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“Fairness for High-Skilled Immigrants Act”

July 09,2019  IST

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HR 1044 , “Fairness for High-Skilled Immigrants Act”


EXPLANATION AND SUMMARY

The Case for Employment-based Per Country Cap Elimination without increasing immigration, the “Fairness for High-Skilled Immigrants Act” is a simple technical fix to a longstanding issue that contributes greatly to deep backlogs in the employment-based green card system and negatively impacts the US economy.

The overriding purpose of the employment-based (EB) green card system is to provide permanent residence to those individuals who add value to the US economy. In many cases, applicants utilizing the EB visa system are in fields related to science and mathematics, many educated in our best universities, accounting for over half of the post-graduate STEM degrees awarded in the US. Unlike other visa categories, 95% of the employment-based green card applicants already live and work in the US on temporary visas—paying taxes, contributing to our economic growth and recovery through innovation and job creation, and raising their children as Americans.


Because the US faces a general shortage of employment-based green cards, all EB applicants face some delay in securing permanent visas. However, the problem is exacerbated by an arbitrary cap of 7% on immigration from any single country, due to which many equally qualified EB applicants from large countries must wait far longer than applicants from other parts of the world—many decades for individuals from India compared with a few short years for individuals from Egypt. For those on temporary visas, like H-1B, this wait comes at a tremendous personal and economic cost. Even though

they live and work in America, employment-based applicants who face the per country backlog:

  • Cannot become entrepreneurs starting new businesses that create new American jobs

  • Cannot accept promotions from their employers without starting over in the green card line

  • Cannot change employers without starting over in the green card line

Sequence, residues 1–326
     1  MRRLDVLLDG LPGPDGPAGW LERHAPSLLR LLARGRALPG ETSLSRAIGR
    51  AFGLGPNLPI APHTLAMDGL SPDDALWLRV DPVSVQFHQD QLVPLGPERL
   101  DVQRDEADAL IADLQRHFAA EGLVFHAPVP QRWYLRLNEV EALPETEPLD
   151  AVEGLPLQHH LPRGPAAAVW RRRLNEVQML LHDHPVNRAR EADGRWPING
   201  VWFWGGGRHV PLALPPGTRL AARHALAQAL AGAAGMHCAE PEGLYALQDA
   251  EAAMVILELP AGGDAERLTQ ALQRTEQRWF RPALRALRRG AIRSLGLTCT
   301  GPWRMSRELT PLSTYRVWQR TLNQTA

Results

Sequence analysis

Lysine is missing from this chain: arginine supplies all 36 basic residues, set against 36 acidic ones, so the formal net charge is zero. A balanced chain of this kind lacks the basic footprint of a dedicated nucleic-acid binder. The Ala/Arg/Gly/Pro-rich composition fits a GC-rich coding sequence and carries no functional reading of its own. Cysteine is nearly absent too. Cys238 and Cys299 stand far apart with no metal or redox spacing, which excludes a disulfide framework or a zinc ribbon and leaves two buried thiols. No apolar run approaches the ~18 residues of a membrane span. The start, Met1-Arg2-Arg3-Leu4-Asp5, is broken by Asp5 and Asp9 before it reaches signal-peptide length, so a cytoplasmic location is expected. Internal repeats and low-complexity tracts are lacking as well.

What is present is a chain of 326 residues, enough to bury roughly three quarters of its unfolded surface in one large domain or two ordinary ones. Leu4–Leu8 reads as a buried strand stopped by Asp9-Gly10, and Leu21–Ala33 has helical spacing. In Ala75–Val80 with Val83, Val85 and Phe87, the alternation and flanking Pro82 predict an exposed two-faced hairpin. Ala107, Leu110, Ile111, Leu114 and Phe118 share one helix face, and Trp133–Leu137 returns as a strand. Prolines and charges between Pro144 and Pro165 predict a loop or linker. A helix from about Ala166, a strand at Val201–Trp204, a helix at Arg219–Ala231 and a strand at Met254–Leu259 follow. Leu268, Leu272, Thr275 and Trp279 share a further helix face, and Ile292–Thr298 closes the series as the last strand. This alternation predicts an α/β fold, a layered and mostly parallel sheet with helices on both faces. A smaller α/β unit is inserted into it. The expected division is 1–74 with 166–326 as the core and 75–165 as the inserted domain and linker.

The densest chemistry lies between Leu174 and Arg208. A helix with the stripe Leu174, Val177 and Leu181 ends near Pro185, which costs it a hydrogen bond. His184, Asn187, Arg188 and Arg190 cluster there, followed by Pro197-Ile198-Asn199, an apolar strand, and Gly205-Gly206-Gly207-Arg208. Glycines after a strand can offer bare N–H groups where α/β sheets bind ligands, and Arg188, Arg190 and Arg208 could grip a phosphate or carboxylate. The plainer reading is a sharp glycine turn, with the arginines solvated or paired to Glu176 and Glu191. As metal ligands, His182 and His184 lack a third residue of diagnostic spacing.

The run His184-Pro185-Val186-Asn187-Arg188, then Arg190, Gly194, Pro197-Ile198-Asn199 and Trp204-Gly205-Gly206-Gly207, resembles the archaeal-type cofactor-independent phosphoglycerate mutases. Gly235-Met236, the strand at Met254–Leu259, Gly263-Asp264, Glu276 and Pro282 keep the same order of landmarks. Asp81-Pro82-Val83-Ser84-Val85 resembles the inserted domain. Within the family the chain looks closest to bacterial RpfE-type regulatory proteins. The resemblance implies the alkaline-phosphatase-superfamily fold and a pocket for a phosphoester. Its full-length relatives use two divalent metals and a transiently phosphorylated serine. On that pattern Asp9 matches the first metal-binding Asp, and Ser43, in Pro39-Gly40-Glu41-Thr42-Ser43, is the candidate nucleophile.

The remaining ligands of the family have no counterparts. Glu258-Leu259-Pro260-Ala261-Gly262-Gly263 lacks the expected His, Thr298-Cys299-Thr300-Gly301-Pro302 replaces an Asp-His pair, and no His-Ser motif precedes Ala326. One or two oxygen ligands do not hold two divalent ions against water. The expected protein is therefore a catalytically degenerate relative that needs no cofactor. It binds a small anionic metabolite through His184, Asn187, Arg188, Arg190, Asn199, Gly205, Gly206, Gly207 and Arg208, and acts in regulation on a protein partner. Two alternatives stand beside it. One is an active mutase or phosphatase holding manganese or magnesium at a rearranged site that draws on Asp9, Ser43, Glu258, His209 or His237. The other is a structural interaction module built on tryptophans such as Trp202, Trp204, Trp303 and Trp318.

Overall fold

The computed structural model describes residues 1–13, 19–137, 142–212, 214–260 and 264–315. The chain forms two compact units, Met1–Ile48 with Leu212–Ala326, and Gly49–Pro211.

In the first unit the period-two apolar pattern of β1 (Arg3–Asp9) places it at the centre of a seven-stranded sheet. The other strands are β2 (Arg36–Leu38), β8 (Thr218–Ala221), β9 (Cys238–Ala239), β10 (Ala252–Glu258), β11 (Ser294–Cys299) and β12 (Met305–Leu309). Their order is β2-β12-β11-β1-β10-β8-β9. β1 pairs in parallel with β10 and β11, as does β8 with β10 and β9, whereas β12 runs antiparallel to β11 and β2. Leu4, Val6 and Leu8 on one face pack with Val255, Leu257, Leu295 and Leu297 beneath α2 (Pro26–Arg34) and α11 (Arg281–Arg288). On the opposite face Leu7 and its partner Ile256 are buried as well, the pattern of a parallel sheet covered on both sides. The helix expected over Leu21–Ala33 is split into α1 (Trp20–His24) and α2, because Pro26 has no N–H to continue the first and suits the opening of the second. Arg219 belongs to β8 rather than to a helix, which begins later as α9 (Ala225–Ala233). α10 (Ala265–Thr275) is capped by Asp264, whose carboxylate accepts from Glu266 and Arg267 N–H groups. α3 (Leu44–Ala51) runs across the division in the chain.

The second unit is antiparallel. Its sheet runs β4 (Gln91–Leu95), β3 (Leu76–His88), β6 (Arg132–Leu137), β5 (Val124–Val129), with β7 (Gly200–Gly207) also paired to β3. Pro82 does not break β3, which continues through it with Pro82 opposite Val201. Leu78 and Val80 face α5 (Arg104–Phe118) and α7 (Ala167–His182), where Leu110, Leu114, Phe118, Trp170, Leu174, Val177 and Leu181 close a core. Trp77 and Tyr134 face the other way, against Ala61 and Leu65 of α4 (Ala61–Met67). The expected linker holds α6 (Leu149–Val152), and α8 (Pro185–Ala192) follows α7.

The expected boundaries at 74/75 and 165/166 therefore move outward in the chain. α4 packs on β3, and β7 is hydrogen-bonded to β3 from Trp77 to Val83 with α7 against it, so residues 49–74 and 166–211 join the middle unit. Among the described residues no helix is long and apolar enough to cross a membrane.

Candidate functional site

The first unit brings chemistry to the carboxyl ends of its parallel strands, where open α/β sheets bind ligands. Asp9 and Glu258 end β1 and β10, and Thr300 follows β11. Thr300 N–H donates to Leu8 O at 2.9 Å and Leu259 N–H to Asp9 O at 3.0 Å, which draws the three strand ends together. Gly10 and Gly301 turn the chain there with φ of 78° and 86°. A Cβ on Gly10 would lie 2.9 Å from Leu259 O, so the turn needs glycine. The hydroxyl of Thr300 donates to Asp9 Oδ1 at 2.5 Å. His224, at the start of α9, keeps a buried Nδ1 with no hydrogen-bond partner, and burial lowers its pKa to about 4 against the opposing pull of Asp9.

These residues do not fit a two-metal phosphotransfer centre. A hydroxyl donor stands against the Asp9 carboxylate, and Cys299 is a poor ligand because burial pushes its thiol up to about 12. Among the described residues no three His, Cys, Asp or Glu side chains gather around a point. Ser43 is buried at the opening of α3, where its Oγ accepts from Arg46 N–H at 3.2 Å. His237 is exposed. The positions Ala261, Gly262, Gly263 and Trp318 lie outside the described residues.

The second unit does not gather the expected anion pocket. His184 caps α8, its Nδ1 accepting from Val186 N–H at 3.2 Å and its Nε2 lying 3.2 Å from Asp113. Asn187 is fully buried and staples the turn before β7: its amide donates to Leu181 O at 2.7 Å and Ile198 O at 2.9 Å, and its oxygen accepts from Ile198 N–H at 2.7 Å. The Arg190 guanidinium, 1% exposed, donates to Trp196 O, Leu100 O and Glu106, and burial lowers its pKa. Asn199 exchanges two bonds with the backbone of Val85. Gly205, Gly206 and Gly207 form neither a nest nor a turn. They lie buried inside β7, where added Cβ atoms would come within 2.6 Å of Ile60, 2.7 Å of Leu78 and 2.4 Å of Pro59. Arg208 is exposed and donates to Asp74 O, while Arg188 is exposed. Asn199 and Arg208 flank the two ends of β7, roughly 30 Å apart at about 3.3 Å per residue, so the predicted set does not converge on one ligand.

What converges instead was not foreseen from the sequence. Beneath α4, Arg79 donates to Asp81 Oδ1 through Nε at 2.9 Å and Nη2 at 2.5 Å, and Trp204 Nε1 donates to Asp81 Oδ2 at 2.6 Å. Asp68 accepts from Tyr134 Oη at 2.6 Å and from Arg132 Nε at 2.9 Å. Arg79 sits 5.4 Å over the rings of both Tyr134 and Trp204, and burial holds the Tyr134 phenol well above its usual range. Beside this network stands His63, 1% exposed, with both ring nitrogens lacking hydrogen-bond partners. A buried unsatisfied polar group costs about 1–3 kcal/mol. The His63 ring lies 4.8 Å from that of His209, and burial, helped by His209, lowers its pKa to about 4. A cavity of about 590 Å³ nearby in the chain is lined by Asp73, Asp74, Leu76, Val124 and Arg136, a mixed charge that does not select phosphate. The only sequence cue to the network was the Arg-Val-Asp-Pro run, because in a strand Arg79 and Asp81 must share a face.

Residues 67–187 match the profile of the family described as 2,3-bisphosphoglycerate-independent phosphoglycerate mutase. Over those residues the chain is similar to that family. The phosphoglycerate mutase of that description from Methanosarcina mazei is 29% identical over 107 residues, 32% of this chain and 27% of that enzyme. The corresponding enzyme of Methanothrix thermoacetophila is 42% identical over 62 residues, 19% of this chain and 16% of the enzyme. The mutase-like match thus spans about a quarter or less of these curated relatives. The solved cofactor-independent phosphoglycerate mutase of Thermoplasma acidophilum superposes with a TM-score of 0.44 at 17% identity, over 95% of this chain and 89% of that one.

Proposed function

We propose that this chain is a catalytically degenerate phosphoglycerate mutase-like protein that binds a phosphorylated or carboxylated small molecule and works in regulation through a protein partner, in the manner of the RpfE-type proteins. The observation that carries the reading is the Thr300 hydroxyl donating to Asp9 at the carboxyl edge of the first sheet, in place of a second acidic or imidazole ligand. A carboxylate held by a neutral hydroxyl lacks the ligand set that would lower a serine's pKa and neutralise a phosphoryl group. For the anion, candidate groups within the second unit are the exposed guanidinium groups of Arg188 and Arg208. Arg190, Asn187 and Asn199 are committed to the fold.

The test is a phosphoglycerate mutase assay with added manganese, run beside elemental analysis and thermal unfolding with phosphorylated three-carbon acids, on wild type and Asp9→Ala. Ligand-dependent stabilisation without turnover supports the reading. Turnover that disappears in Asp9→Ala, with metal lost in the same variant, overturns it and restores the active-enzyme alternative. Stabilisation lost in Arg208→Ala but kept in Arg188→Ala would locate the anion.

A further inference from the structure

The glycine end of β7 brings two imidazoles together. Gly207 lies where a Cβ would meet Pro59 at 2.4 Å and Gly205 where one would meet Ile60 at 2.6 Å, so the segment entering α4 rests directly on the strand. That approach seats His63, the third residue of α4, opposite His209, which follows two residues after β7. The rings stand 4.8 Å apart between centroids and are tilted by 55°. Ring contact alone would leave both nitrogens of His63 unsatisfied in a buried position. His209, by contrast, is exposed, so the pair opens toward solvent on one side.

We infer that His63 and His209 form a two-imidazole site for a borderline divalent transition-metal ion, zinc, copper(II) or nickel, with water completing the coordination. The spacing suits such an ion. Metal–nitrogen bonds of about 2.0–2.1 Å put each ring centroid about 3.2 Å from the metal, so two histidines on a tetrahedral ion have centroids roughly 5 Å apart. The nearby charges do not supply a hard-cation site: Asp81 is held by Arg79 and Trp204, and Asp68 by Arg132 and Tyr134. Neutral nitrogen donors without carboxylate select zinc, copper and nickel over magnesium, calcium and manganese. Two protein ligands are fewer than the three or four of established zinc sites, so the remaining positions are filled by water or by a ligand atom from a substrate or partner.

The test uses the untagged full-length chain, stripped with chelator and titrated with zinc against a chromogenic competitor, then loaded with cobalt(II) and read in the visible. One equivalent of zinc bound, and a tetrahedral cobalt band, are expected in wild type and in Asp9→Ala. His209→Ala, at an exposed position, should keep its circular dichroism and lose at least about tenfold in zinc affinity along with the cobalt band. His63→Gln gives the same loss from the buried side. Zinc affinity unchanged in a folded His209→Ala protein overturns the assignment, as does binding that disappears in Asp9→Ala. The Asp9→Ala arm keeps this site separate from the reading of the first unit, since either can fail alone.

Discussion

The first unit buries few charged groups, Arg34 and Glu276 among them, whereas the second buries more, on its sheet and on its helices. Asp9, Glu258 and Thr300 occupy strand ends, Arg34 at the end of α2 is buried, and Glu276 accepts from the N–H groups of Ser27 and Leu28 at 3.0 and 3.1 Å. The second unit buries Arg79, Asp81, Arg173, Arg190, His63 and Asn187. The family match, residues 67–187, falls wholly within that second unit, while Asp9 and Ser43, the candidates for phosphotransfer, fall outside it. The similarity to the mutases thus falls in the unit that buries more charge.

• Cannot visit loved ones in home countries without risking being held upon their return to the US.

  • Must secure student visas for their children turning 18 or face their forced deportation, again, even after a decade of paying taxes into local and state educational systems Under today’s 7% cap, large countries like India and China, which account for over 40% of the world’s population and an even higher percentage of the highly skilled global workforce, receive the same amount of visas as Greenland, a country that accounts for 0.001% of the world’s population.


As a result, immigrants from large countries, who share equal qualifications with any other highly skilled worker entering the US, must wait 2 to 3 times longer for permanent residence—creating an economically unhealthy reliance on temporary visas and costing the US economy in the form of attrition of experienced highly skilled workers departing the US. H.R. 1044, the “Fairness for High-Skilled Immigrants Act” would correct this problem by first clearing backlogs and then leaving in place a system where all equally qualified highly skilled workers, no matter their country of birth, will receive green cards in the order they apply and based solely on the skills they bring to America.

A current study done by independent organizations such as CATO proves the current wait time for Indian Immigrants with Advanced Degrees is 150-Years.


https://www.cato.org/blog/150-year-wait-indian-immigrants-advanced-degrees

For the past 13 years, Immigration Voice (IV) a non-profit organization with its 1000s of grassroots volunteers has been working on resolving this discrimination based on one’s country of birth in the employment based green card.

The bill H.R.1044 which comes for a vote on Wednesday, 10thJuly 2019 has over 310 bipartisan cosponsors.

We request all our American readers to please call their Congressman’s DC office and request them to vote YES for this common-sense bill and bring fairness for the American worker as the bill is based on the American fundamental principal of first-come-first-served and promotes a merit based immigration system.



- Our NRI Reporter Sheela Ramanan 



Dear friends, if anyone to be part of this noble cause please connect through 



www.immigrationvoice.org 


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